There appears to be an increase of pixels of the dark red class below the enterocytes. A small amount of pixels in the lamina muscularis was also assigned to the dark red cluster, which indicates the connective tissue surrounding vessels. Dark red regions can also be found within the mucosal folds. These observations indicate that the dark red class is connected to the lamina propria.

Epithelium

The most prominent class in the epithelium is light blue. However, a considerable amount of pixels are assigned to the teal class. The location of teal pixels appears to correlate with the location of the goblet cells. This could indicate the influence of scattering interferences on the spectra in the teal labelled regions. Also, the colour distribution might resemble the location of crypt lumina and connective tissue. The surface epithelium is largely composed of light red and dark red clusters, possibly caused by higher concentration of enterocytes.

Further findings

The yellow and orange pixel classes appear to be located at the intersections of the epithelial layer to the lumen. Also, some regions of the lamina propria and mucus inside the lumen are labelled yellow and orange, respectively. Contributions from scattering are enhanced by refractive index mismatch, which occurs at these locations. Refractive index mismatching is also likely to occur in the central lumen of crypts, possibly affecting the spectra of the surrounding pixels, which are mostly assigned to green and teal.

In order to avoid strong over-segmentation before training of the classifier, the number of clusters was chosen to be ten. By doing so, a link between most pixel classes and tissue features was easily established. However, a large number of classes may be beneficial to limit the effect of scattering interferences on the analysis. The appearance of the light red (lamina muscularis) class on a paraffin background could be reduced, as well as the amount of yellow and orange pixels (interferences) in the central lumen. A multi-staged cluster analysis could be used to gain more insight, without introducing too many colors for the final representation.

Apart from the good qualitative agreement between the stained images and the infrared label image, further analysis reveals deviations in the detected distribution of goblet cell rich regions (Fig. 3) between the Alcian blue and PAS stained colon slices and the label image of their adjacent slice. We believe that these deviations are mainly due to comparison with non-identical thin sections, and artefacts caused by microtome cutting as well as the significant difference in the slice thickness (3 μm compared to 8 μm). In turn, the correlation between the label images and the visible images of the identical, unstained slices is found to be much better. It is noteworthy that the complexity of the clustering and classification approach may compromise sensitivity. A simplified and potentially faster strategy is provided by a dual-wavelength measurement and the distribution of mucin concentration may be visualized in gray scale images as shown in Fig. 5(a).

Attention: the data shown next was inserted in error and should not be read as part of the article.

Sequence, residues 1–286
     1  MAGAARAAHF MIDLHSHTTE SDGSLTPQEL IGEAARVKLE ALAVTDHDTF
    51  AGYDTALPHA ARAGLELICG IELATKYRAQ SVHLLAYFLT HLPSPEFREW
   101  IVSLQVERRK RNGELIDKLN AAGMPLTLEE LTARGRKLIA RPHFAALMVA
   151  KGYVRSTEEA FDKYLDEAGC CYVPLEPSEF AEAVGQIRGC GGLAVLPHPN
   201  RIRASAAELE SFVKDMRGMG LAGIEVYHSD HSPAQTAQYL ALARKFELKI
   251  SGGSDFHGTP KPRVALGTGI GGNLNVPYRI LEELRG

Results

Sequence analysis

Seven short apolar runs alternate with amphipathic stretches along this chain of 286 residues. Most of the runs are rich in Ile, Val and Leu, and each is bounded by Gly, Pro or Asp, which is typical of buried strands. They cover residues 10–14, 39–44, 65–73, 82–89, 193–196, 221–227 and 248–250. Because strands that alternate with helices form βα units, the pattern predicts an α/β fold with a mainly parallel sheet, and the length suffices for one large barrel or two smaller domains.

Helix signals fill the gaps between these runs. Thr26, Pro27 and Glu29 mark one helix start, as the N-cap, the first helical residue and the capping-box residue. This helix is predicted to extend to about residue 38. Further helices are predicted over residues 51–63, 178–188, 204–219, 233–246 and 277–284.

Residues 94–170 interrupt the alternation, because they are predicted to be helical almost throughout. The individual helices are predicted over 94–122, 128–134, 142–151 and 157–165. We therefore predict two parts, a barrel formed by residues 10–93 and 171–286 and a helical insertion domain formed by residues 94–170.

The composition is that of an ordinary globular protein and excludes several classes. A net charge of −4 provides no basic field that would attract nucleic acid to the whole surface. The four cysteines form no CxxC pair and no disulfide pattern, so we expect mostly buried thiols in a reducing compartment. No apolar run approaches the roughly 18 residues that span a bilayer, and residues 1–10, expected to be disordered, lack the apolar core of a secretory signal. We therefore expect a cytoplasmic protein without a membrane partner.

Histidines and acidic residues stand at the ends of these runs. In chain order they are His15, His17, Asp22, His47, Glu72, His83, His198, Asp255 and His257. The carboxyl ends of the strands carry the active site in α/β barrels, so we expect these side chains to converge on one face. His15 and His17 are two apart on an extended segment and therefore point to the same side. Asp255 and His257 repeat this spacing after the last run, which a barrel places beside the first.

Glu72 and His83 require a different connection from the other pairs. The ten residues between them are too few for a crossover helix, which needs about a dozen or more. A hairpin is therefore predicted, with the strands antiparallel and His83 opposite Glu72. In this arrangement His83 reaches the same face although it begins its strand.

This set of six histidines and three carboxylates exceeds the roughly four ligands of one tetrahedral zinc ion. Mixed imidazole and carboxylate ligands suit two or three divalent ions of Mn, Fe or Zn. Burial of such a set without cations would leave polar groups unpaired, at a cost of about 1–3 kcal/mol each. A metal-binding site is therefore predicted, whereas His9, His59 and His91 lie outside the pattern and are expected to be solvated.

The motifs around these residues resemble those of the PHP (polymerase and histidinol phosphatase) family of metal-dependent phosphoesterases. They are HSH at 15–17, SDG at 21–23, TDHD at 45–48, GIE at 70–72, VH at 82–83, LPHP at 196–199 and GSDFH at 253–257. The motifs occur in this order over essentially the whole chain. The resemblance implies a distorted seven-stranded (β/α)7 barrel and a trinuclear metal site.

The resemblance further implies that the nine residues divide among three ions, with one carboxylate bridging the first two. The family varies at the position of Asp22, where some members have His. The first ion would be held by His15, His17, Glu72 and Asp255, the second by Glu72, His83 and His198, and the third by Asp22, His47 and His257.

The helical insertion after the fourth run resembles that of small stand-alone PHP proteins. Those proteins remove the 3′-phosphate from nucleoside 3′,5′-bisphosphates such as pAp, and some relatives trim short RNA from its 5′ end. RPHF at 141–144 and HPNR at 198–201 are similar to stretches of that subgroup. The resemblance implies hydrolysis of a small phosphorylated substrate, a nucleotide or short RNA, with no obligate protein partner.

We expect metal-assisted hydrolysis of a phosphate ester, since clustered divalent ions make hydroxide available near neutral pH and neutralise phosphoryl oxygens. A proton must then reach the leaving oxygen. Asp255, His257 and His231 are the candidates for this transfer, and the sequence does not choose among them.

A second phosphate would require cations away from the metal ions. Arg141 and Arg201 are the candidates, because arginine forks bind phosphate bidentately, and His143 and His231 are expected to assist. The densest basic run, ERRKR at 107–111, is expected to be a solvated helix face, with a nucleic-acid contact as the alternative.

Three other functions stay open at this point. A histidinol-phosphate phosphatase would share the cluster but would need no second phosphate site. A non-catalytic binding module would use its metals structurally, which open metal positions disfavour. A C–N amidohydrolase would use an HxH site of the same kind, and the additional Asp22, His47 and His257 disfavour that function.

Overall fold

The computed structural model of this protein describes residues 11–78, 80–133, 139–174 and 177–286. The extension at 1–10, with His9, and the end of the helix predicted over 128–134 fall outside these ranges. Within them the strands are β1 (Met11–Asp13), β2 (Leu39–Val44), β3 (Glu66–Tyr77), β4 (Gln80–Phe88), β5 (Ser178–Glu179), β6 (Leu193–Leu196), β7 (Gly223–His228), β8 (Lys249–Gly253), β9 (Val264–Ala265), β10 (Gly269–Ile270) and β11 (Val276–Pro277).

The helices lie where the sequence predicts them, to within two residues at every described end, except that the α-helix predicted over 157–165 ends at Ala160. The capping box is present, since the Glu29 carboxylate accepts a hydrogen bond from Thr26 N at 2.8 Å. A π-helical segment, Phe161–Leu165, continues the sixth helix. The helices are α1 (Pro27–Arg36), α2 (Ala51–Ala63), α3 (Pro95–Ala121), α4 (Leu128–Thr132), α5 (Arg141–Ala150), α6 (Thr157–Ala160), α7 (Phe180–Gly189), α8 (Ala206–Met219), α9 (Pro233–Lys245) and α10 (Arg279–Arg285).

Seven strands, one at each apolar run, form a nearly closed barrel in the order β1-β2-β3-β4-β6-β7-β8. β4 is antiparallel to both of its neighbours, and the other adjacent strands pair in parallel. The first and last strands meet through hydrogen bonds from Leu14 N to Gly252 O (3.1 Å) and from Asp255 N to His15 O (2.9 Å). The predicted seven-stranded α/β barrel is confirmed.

The acquisition time for a hyperspectral image of a sample was 7.5 minutes and covered the full spectral range of 1027–1087 cm−1 and 1167–1319 cm−1 at a pixel size of 3.65 × 3.65 μm2 and a field of view of 2.8 × 3.1 mm2. On the one hand, this is more time consuming than the standard H&E staining. On the other hand, H&E staining requires the tissue sample to be deparaffinized, whereas the IR spectroscopy is best in paraffinized tissue. Deparaffinizing a thin section usually takes 35 minutes.

The acquisition time for QCL-based hyperspectral imaging may be further reduced by limiting the tuning ranges. Measurements at merely two wavenumbers (1076 cm−1 and 1181 cm−1, see Table 1) could, for example, already be sufficient for high contrast imaging of goblet cell rich regions in the epithelium, as shown in Fig. 5(a).

Conclusions

We have successfully demonstrated the automated detection of mucin-rich regions in mouse colon mucosa using QCL-based hyperspectral imaging and a random decision forest classifier. The total field of view of a single measurement was 3.1 × 2.8 mm2. The medically relevant identification and enumeration of the mucin-containing goblet cell population may be performed within 7.5 minutes (including measurement and data analysis). Given the results presented in this manuscript, the process could be further shortened down to an overall time requirement for measurement and analysis of well below 1 minute. Further experiments are needed to clarify to what extent the procedure could be used to augment differential diagnosis of gastrointestinal diseases and in particular the differentiation between ulcerative colitis and intestinal infections.

Acknowledgements

The authors would like to thank S. Spiegel for his technical support and E. Seelinger for sample preparation. A. Schönhals acknowledges support by the Heidelberg Graduate School of Fundamental Physics. This work was financed by Baden-Württemberg Stiftung.

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Footnotes

Electronic supplementary information (ESI) available. See DOI: 10.1039/c4an02001d
Next to his affiliation with the Kirchhoff-Institute for Physics, W. Petrich is an employee of Roche Diagnostics GmbH, Germany.

This journal is © The Royal Society of Chemistry 2015